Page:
Production hit continual delays, mostly due to the fiberglass fabricator chosen to do the job and their inability to keep up with demand. Delays cost Studebaker orders and customers and ultimately limited 1963-64 model year production to only 4,600 units. Production was halted and not long after, Studebaker closed its doors. Conspiracies immediately popped up, a sort of "Who Killed the Avanti?" circulation of half-truths and speculation similar to the Who Killed the Electric Car? conspiracy surrounding the Chevrolet EV1. In the end, the truth is simple: Studebaker, in their hurry to begin making the Avanti, trusted the fiberglass fabrication to a company in Ohio that was completely unprepared to meet the expected demand. Production delays, however, did not really kill the Avanti.
Rights to the design were sold to two Studebaker dealerships who went into limited production of what are now known as the "Avanti II," which used the same Lark-based frame and chassis elements, but incorporated General Motors engines and drive trains meant for the Corvette. These post-Studebaker Avantis were produced in small quantities through the 1970s and into the early 1980s. A new owner of the franchise, Stephen Blake, then produced an updated 20th anniversary car for 1983 and introduced a convertible.
Blake failed to make a go of it and sold the company to an ethanol developer named Michael E. Kelly, who resumed production in 1987 and built cars until 1991 using GM platforms for the underpinnings. It wasn't profitable, however, and Kelly closed down production. He started it up again in 2001 under a new design, being built in Villa Rica, Georgia and then moving to Cancun, Mexico. Using a Pontiac Firebird as the platform and later a Ford Mustang chassis, Kelly built cars until 2007. Then the U.S. Justice Department stepped in, charging Kelly with real estate and financial fraud and seizing his assets.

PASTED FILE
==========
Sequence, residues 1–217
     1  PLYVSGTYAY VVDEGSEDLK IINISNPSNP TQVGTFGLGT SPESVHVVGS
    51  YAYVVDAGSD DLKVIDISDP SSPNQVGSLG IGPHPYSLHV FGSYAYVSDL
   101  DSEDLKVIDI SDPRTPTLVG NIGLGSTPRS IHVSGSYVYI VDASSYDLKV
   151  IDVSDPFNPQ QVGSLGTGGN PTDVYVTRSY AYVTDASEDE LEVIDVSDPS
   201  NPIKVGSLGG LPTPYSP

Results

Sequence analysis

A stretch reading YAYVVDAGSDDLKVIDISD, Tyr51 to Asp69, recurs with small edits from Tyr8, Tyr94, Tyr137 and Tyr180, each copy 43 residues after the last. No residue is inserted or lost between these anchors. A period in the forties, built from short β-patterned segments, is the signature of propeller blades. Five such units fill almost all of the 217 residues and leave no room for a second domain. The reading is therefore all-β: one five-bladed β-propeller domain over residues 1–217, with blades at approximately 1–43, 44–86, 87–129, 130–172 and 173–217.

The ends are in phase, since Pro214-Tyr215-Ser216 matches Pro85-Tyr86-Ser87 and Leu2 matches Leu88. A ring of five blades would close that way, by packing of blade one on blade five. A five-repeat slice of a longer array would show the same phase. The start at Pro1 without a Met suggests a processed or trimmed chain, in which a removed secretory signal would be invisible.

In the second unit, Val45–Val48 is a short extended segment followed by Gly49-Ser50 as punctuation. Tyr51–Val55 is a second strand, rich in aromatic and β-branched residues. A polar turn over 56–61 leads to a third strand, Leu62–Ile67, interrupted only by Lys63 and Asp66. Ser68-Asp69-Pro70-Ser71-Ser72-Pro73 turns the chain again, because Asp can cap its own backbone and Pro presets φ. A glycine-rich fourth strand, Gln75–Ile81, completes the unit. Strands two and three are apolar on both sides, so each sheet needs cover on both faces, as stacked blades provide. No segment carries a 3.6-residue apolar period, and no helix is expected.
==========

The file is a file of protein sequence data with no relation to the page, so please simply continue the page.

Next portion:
Now, the Avanti name, designs and rights are once again going up for sale. Restitution efforts against Mr. Kelly include selling off these rights as well as the avid collector's entire collection of classic cars.
Purists look to the 1963-64 models as the best of breed. Others prefer the newer upgrades made by successive builders. Regardless, the Avanti remains a true classic of American auto design. It's both timeless and undeniably classic. It's checkered past and whispered mythology only enhance its longevity. Probably its most powerful feature is the fact that it's beauty is as relevant today as it was fifty years ago. Very few cars can lay claim to this kind of timelessness.
The history of the Avanti, along with select originals and restorations, can be fully appreciated at the Studebaker National Museum in South Bend, Indiana through October 5th. The museum has published a book to accompany the exhibit, both titled Studebaker's Last Dance.

#28 regular guy

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Posted 21 July 2012 - 06:40 PM

better model builders

the Avanti was designed by Raymond Loewy.

he also designed the '53 Starlite coupe.

he ranks up there with Virgil Exner at Chrysler and

Brooks Stevens who designed the Excalibur and was

an industrial designer with many product designs that

became iconic in 40's and 50's America.

the Avanti's one interesting feature was a Paxton

supercharger.

be interesting to see if that's included in kit

have a nice day!

#29 Casey

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Posted 21 July 2012 - 06:45 PM

the Avanti's one interesting feature was a Paxton supercharger. be interesting to see if that's included in kit



It is.



#30 Greg Myers

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Posted 21 July 2012 - 08:16 PM

Probably the only Studebaker V-8 engine available for early rod builders.

#31 Ace-Garageguy

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Posted 22 July 2012 - 03:58 AM

Probably the only Studebaker V-8 engine available for early rod builders.


The AMT '53 Stude also has a stock V8.

#32 mr moto

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Posted 22 July 2012 - 06:09 AM

It is:

Posted Image

Things to know about the Avanti engine and the instructions in every release that I've seen - here's a couple pictures of the real thing:

Posted Image
Posted Image